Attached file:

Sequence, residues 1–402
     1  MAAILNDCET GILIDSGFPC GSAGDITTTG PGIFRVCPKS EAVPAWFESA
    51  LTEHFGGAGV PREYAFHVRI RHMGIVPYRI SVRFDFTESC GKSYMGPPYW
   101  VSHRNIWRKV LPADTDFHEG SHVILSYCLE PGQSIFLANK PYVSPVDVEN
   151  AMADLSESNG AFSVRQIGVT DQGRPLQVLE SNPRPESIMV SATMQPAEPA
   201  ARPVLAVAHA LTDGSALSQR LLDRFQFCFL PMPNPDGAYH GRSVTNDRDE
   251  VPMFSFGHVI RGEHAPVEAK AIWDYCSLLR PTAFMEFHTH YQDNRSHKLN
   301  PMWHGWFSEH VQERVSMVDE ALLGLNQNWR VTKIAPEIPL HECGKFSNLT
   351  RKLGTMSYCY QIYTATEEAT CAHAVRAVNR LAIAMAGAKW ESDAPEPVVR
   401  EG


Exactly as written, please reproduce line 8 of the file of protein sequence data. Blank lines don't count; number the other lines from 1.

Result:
   301  PMWHGWFSEH VQERVSMVDE ALLGLNQNWR VTKIAPEIPL HECGKFSNLT